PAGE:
Katherine Cole on Death and Wine: ‘We’re All Doomed, But It Won’t Be Wine That Does Us In’

By | 15 March 2024

Katherine Cole is the author of five books on wine, as well as host and executive producer of James Beard Award-winning podcast The Four Top.

Picture credit of Katherine Cole profile: She Saw Things

However, amidst all the fuss, an important detail is often overlooked: a glass of wine each night may indeed prolong our lives. Yes, death is inevitable for everyone. But, wine won’t hasten our demise.

A myriad of studies suggest that moderate drinkers experience health advantages – a 10-30% reduction in the risk of a heart attack, stroke, and peripheral vascular disease – compared to those who abstain or drink heavily.

‘These studies are solid, and data overwhelmingly shows that there is a potential cardiovascular benefit from drinking alcohol in moderation,’ says Laura Catena MD. A graduate of Harvard, and Stanford Medical School, Catena was an emergency room physician in San Francisco for 25 years before taking the helm at her family’s wine business, Bodega Catena Zapata, in Argentina. She has been campaigning tirelessly in defence of wine and poking holes in the WHO’s claims.

In a guide issued to journalists last spring, the WHO aimed to discount decades of perfectly good research by alleging sponsorship bias. News coverage dutifully regurgitated this assertion, but Catena disputes it, adding that just 5.4% of 386 widely cited observational studies on alcohol and health were funded by the alcohol industry.

In addition, the WHO’s scare campaign fails to mention the top two global causes of death, heart disease and stroke, focusing instead on cancer.

But just 4% of cancers are attributed to alcohol. By contrast, as Catena points out, there’s a far greater likelihood that diet (30-35%), tobacco (25-30%), an infection (15-20%), or obesity (10-20%) was the culprit. So if you want to quit something, why not start with charcuterie and cigarettes?

‘Among the major international studies, none have been found that don’t attribute the healthiest populations to alcohol consumers,’ notes Miles Hassell MD, a doctor focused on comprehensive risk reduction. For nearly two decades, Hassell’s acclaimed book Good Food, Great Medicine: A Mediterranean Diet and Lifestyle Guide has been in publication.

‘Most of my patients are above the age of 75,’ Hassell states. ‘The healthiest are active, maintain a reasonable weight, abstain from smoking, indulge in moderate alcohol consumption, and prepare their meals at home.’ According to his understanding of the data, mature adults who drink moderately, even post heart attacks or cancer, outlive those who refrain from drinking their whole lives.

The ‘French paradox’ – the speculation that particularly, red wine consumers live longer than those who drink differently and maintain similar lifestyles and diets, continues to hold true, he affirms. Moderate consumption of red wine is beneficial for our cardiovascular and digestive health.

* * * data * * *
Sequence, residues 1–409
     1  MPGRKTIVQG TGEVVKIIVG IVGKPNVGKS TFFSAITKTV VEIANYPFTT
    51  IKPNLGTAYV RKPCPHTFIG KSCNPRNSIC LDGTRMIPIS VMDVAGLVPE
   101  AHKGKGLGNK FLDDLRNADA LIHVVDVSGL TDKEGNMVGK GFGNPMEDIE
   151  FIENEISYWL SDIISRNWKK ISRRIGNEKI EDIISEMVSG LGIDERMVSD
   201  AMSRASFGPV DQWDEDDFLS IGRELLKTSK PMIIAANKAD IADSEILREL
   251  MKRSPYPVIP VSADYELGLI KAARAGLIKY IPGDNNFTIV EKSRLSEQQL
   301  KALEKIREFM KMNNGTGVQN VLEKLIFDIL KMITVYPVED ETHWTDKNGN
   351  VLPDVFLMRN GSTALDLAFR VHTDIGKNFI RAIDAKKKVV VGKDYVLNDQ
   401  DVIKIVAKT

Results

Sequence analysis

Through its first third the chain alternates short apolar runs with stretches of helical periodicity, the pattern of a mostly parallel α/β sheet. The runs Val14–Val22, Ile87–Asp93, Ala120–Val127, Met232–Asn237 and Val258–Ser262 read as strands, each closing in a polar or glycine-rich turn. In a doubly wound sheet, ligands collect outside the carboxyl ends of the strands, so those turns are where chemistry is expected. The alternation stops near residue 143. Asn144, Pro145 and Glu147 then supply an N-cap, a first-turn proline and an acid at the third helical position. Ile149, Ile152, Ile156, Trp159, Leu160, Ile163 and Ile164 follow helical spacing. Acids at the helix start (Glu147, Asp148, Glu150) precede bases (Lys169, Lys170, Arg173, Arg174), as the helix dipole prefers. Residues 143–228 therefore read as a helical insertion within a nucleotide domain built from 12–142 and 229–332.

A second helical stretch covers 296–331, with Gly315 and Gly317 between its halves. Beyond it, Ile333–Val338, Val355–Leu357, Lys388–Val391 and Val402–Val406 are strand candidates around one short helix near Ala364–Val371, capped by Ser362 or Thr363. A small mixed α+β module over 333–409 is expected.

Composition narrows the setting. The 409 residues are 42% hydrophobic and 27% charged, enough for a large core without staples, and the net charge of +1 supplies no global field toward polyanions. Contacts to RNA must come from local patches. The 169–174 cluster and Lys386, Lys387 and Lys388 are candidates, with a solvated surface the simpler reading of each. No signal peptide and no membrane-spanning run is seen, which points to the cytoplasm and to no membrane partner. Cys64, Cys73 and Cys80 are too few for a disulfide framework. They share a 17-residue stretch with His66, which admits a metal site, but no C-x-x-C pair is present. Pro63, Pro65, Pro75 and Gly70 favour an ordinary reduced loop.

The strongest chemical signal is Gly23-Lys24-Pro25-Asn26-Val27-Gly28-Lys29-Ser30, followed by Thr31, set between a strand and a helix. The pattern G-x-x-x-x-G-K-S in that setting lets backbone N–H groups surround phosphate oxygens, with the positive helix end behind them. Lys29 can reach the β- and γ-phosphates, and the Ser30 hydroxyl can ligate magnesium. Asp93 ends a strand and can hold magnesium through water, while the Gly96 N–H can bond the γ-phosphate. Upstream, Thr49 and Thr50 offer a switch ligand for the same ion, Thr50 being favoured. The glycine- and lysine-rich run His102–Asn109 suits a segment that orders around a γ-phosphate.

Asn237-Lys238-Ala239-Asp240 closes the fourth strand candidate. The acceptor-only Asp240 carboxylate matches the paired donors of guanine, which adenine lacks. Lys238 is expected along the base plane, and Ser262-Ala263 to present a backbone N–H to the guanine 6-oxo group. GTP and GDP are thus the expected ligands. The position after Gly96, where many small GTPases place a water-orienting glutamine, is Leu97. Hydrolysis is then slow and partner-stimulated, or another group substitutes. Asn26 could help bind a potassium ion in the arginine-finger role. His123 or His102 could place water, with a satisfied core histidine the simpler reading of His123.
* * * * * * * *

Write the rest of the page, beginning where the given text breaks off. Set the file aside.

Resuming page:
In contrast, the warning from WHO has left other doctors hesitant. A renowned hepatologist I reached out to for this feature refused to engage, but immediately shared a JAMA (Journal of the American Medical Association) report on his social media. The JAMA report implies that alcohol-related cancers affect the financially disadvantaged disproportionately, while those belonging to higher socio-economic brackets experience the protective advantages of moderate consumption. In other words, excessive consumption of cheap alcohol is leading to the death of the less privileged.

‘To express it, liquor isn’t just a toxin,’ states my colleague and buddy Martín Reyes MW. As a wine vendor, Reyes is a part of a movement within the wine business that opposes abolition. ‘It’s either a tonic or a poison, contingent entirely upon the dosage and rhythm.’

When directed to forego alcohol, individuals look for gratification elsewhere. The use of cannabis has increased. The ‘teetotalers’ are swapping alcohol with psychoactive substances that aren’t regulated. Affluent women are taking microdoses of psychedelic mushrooms. Against all logic, these substances are presumed to be safe because their effects are largely unknown.

Facing a global epidemic of solitude, wouldn’t it be better to relish a drink that has, for about 10,000 years, generated fellowship and alleviated everything, from stress to arthritis? Wine offers healing – if we savor it in moderation, consume it with meals, and prioritize enjoyment and quality over quantity and oblivion.

Upon the arrival of spring, I discover myself longing for affordable, palatable whites such as Cantina Gorgo’s DOC Custoza, an organic mix of indigenous grapes apt for a weekday. While savoring this easy blend of Garganega, Bianca Fernanda (or Cortese), and Trebbianello (also known as Trebbiano Toscano), one can practically smell the scented lemon and orange blossoms that flower in late March around Lake Garda.

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